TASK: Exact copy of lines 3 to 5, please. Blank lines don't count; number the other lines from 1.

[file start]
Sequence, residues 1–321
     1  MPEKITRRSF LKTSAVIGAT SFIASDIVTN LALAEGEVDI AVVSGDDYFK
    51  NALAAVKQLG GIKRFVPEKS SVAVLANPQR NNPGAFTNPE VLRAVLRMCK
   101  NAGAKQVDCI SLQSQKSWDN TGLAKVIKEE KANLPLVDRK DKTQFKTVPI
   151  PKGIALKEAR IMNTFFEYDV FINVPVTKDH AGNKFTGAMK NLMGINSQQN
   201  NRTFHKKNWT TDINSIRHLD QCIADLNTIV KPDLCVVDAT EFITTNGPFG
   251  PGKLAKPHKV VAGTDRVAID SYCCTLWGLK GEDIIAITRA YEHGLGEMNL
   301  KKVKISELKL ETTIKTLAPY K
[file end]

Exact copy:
    51  NALAAVKQLG GIKRFVPEKS SVAVLANPQR NNPGAFTNPE VLRAVLRMCK
   101  NAGAKQVDCI SLQSQKSWDN TGLAKVIKEE KANLPLVDRK DKTQFKTVPI
   151  PKGIALKEAR IMNTFFEYDV FINVPVTKDH AGNKFTGAMK NLMGINSQQN